Journal Archive

Platinum Metals Rev., 1993, 37, (3), 130

Platinum/Cobalt Multilayers

The Next Generation Magneto-Optic Data Storage Medium

  • By P.D. Gurney
  • Johnson Matthey Technology Centre

At the heart of personal computers in current use is the hard magnetic disk drive, which provides the software programmes and data with long term storage. The increasing use of Windows, the graphically based computer interface which enables users to run several programmes simultaneously, has meant that an ever-increasing amount of data storage space is required. With Windows itself requiring some 15 megabytes (Mb) of storage space and individual Windows programmes typically taking up 10 to 15 Mb each; the average Windows personal computer (PC) now needs at least 100 Mb of storage space to contain a useful number of programmes and data. The trend for more long term storage will inevitably accelerate with the growth in multimedia applications, which combine photographs, video clips and sound into PC applications. With a single high quality photograph requiring up to 30 Mb of storage space, future PCs are expected to need hundreds, and possibly thousands of megabytes of storage space on the desktop.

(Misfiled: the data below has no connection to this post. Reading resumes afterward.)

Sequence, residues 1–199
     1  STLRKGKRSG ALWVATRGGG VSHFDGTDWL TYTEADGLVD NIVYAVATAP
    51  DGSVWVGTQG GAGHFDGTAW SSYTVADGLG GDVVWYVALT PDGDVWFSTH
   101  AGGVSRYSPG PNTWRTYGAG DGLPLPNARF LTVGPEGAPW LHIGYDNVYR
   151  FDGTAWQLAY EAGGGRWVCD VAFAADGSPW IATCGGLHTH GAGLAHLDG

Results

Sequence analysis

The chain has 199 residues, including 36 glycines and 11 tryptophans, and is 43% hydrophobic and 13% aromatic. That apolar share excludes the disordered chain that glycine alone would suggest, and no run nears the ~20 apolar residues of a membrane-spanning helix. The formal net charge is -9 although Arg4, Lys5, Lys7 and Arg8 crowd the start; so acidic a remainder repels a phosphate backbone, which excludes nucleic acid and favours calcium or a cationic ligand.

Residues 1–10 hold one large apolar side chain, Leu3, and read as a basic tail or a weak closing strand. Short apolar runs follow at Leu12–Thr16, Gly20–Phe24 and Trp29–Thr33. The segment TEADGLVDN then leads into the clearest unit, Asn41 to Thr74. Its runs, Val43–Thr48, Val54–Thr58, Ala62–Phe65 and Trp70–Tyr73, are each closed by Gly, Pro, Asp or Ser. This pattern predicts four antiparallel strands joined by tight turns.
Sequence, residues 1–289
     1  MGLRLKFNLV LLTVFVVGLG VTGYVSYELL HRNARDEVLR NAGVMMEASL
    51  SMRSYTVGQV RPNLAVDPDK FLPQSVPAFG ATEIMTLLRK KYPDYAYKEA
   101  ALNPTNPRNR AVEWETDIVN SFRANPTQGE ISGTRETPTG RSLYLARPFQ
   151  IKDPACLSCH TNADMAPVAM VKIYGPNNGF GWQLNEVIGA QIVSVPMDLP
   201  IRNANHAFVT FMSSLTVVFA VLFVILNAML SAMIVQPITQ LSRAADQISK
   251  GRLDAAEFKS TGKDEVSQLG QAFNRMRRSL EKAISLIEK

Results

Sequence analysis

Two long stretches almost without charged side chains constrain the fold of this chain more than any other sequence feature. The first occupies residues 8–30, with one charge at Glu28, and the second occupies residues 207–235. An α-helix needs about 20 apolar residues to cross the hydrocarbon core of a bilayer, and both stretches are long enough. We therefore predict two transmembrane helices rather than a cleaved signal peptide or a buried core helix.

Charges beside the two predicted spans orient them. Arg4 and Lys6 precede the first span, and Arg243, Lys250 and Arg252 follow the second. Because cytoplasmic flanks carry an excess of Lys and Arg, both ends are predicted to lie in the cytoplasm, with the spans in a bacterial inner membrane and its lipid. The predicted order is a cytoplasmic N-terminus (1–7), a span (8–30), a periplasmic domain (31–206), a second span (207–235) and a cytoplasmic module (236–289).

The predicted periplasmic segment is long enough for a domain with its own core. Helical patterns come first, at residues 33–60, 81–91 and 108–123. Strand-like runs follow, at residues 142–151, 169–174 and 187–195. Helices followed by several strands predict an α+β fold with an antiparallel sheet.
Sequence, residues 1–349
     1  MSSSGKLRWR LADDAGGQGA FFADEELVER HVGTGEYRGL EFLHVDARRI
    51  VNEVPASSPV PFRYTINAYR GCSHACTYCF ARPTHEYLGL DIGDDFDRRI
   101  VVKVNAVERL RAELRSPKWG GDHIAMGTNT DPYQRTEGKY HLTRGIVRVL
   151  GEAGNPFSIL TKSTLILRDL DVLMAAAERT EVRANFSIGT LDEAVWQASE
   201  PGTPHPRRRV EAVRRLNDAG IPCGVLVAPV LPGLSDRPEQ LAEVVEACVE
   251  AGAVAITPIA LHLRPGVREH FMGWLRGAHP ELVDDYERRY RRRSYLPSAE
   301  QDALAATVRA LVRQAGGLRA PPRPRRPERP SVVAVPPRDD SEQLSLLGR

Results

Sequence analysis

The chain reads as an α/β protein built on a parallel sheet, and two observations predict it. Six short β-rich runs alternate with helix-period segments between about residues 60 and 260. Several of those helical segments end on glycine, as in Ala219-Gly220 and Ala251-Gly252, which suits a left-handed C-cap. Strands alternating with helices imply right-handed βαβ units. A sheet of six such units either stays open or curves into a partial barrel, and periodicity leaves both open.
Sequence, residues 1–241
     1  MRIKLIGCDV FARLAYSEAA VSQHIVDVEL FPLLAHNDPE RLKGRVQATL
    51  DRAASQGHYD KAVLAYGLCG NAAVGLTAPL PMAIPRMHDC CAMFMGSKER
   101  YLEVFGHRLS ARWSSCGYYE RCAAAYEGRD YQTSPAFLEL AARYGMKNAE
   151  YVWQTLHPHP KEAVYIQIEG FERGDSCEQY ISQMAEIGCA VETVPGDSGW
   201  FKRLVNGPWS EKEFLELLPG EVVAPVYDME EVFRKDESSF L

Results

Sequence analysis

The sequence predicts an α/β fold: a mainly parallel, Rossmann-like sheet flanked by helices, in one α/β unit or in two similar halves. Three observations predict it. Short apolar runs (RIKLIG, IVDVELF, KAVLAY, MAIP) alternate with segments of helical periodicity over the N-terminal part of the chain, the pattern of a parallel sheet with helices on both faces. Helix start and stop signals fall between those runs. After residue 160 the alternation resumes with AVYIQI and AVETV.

At present the mainstream of magnetic hard disk drives can provide up to about 1000 Mb locally. Optical data storage, on the other hand, provides an accessible route to larger data storage densities since the use of a non-contacting laser to access the data allows for data bit sizes of around 1 micron from the focused beam and enables disks to be easily removed so that several disks can be used with a single drive. Three types of optical data storage media are in common use, CD-ROMs (Compact Disk Read Only Memory) being the most widespread at present. These disks are prepared using the same technology as audio compact discs and enable data to be read from but not written to the disk. CD-ROM disks can hold 650 Mb on a single 5.25 inch diameter disk. Their main uses are in database or software distribution. WORM (Write Once Read Many times) technology has become established as a niche market for archival data storage. The advantage of WORM disks is that once thay have been written to, they cannot be changed and so provide a permanent record.